Trump-era border restrictions will stay in place while legal challenge ends, Supreme Court says


Title 42, the controversial Trump-era border restriction, will remain in place while legal challenges end, the Supreme Court said on Tuesday, a move that ensures federal officials can continue to expeditiously deport immigrants at the U.S. border for at least the next few weeks. moon.

The 5-4 order was a victory for Republican-led states that urged the Supreme Court to step in and block lower court orders terminating the authority’s opinion. The Biden administration said it was ready to let authorities wind down and had taken precautions to prevent border chaos and any potential surge in immigration.

In its order, the court also agreed to hear the states’ appeals this term. The court said it would hear arguments in the case during arguments beginning in February 2023.

Judges Sonia Sotomayor and Elena Kagan said they would deny the application, without explaining their thinking. Conservative Justice Neil Gorsuch also dissented, explaining his thinking in an order joined by liberal Justice Ketanji Brown Jackson.

Gorsuch said he “would not underestimate the states’ concerns” about border security. But Gorsuch pointed out that Article 42 was created to combat Covid-19 and that “the current border crisis is not a Covid crisis.”

“Courts should not enforce an executive order designed for one emergency simply because elected officials failed to address a different emergency,” Gorsuch wrote.

Since March 2020, Section 42 has allowed U.S. border agents to immediately deny immigrants crossing the southern border in the name of preventing Covid-19.

Immigrant advocates and public health experts have long condemned the use of public health authorities along the U.S. southern border as an inappropriate excuse to bar immigrants from entering the country. According to U.S. Customs and Border Protection, authorities have been used more than 2 million times to turn away immigrants in a nearly three-year period.

At the border, migrants have been waiting months in camps in Mexico, anticipating an end to authorities so they can file asylum claims in the United States. Immigrant advocates have tried to spread the latest news and information to immigrants, but desperation is growing, especially as temperatures drop.

El Paso, Texas has been at the center of the crisis as thousands of migrants have crossed the border. The city opened government-run shelters at its convention center, hotels and several idled schools to care for the migrants, though some still had to sleep on the streets in the frigid weather.

The Department of Homeland Security has been working on a plan to end the authority that includes mobilizing resources to the border, cracking down on smugglers and working with international partners.

The White House said it would comply with the order.

“Today’s order gives Republicans in Congress ample time to move past the political recriminations and work with their Democratic colleagues to address the challenges at our border by passing sweeping reforms and delivering the additional funding for border security,” White House press secretary Karin Jean-Pierre said in a statement.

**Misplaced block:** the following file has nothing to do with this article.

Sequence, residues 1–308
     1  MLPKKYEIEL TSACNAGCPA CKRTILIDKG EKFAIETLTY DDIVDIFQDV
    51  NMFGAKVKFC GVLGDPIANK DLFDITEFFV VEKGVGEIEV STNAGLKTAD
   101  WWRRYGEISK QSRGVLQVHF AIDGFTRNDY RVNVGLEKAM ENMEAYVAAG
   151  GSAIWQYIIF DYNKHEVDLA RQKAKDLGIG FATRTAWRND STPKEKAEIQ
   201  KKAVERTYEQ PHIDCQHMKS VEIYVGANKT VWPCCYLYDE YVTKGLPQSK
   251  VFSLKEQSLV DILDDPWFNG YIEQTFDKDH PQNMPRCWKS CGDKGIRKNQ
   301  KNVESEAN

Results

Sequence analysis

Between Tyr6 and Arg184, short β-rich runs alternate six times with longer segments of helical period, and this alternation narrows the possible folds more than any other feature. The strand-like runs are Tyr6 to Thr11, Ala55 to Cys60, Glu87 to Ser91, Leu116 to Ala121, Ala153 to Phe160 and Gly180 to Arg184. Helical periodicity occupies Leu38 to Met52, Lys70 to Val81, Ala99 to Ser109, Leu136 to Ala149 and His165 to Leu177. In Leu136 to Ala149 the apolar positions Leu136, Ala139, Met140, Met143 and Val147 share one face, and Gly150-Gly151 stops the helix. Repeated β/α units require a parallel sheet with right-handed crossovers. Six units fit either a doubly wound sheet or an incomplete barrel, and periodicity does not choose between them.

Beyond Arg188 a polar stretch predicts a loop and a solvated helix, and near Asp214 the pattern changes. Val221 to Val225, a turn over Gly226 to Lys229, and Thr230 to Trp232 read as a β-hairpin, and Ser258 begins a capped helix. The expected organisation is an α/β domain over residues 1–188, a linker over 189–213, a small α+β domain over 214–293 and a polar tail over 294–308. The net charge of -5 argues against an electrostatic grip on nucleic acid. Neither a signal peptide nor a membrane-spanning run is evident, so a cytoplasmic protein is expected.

Last week, Solicitor General Elizabeth Prelogar acknowledged to the Supreme Court that restoring traditional agreements along the border would pose challenges, but said there was no longer a basis for maintaining the coronavirus-era rules.

“In no way is the government trying to minimize the magnitude of this problem. But the solution to immigration cannot be an indefinite extension of public health measures that are now acknowledged by all to have outstripped their public health justification,” Prelogar said in a statement. in a document filed with the Supreme Court.

In their argument, attorneys for the ACLU, which represents families subject to Article 42, highlighted the dangers faced by asylum seekers subject to authorities and sent back to Mexico.

Lead attorney for the plaintiffs in the case, Lee Grunt, told CNN in a statement that they are “deeply disappointed” by the ruling but will continue to fight to end the policy.

“We are deeply disappointed by all the desperate asylum seekers who continue to suffer because of Article 42, but we will continue to work towards an eventual end to the policy,” Grunt said.

Steve Vladek, a CNN Supreme Court analyst and professor at the University of Texas School of Law, called the order “procedurally odd.”

“This order is procedurally odd in that it grants a request to freeze district court rulings by states that weren’t even a party to that decision just to decide whether they should be allowed to intervene and defend the appeal ruling,” Vladek said. Say. “Article 42 aside, this has huge potential implications for the ability of states to continue working to prevent a current president from undoing the policies of his predecessor.”

The Republican-led states have argued that removing the power would harm their interests amid the influx of immigrants into the United States.

“The border crisis triggered by the respondents’ strange and eager quest would also do great harm to the states,” read a filing last Wednesday.

This story has been updated with additional reporting.

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